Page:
Canada’s Thanksgiving holiday always lands on the second Monday in October and many of us celebrate in a similar way to Americans, including roasting a turkey. Up to about ten years ago, whenever I cooked a turkey, it seemed it was a hit and miss thing that I would end up with a moist turkey, especially with the white meat. I’d try to follow all the basting rules, but still, the turkey might not come out all that great.
Now however, I almost always brine my turkeys before they are cooked. Today was no exception as I had my son with me and he insisted on turkey for dinner.
Many people that brine poultry (yes, you can brine chickens as well, and even breast meat cuts can benefit) have their own way to do it. Here’s mine, which always has guests exclaiming how tasty, moist, and juicy the turkey is:
Turkey Brine Ingredients and Method
Basically, heat up 2 gallons of water (even though I don’t usually use that much of the brine but it keeps the salt, etc standardized).
Dissolve 1 1/2 cups kosher salt, 1 cup honey, and 2 cups of brown sugar into the hot water.
The water doesn’t need to be boiling but does need to be quite hot to ensure salt dissolves into solution.
Then I chop garlic cloves in half, throw them in. How many? At least a full head of garlic. Sometimes 2, if they are small.
Slice up a lemon whole and throw that in.
I usually like to use fresh herbs consisting of sage, thyme and savory if available. Large handful of sprigs of each. More sage than the others though.
If fresh isn’t available, I add about 5 or 6 tablespoons of what is called “Poultry Seasoning.”
Add about ten bay leaves.
Today’s turkey was about 14 lbs. I could fit it in one my stock pots that also fits in my fridge but in the winter, I’ll just put on my enclosed porch where it is always very cold during winter. You do want the turkey and the brine to remain at below 45F.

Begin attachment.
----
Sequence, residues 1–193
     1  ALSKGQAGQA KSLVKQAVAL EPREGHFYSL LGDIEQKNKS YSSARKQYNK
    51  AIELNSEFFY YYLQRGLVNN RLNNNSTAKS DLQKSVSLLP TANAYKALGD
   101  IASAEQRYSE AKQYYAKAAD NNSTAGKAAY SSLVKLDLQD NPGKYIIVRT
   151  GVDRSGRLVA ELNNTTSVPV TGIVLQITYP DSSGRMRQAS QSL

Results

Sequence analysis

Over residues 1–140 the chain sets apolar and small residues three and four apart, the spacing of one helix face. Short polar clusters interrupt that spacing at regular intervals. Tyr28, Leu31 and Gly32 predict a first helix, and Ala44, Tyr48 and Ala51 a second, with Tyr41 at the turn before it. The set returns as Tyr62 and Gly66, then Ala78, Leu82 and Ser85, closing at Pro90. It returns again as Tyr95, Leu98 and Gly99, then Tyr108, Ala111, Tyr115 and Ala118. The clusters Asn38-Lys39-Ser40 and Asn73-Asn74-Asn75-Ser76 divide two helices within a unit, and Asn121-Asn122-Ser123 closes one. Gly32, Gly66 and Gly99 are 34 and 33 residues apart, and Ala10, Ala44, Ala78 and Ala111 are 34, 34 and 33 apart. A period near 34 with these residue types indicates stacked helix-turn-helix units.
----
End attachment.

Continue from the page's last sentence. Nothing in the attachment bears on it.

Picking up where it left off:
Let it brine for about 24 hours.
Roasting A Brined Turkey
When roasting, after 2 hours, check the skin.. the addition of honey and sugar can cause the skin to crisp up quicker. I put a lid on the roasting pan after 2 1/2 hours and let it cook another 30 minutes. 325F.
A few times I’ve made gravy from the drippings and people thought it was awesome.. it’s always better with a brined turkey, but I also thinking getting a free range turkey is also key, as well as using a lard/flour roux to thicken.
The white meat comes out juicy and tender. Very juicy and tender with hints of the spices as well, in the flavour.
I remember the first time I tried brining turkey before roasting it, and was a bit nervous about the process. But I am glad I gave it a try and from now on, that is how I will prepare them, if I’m able.
Do you brine your own? Is your brine substantially different than what I do? Let me know!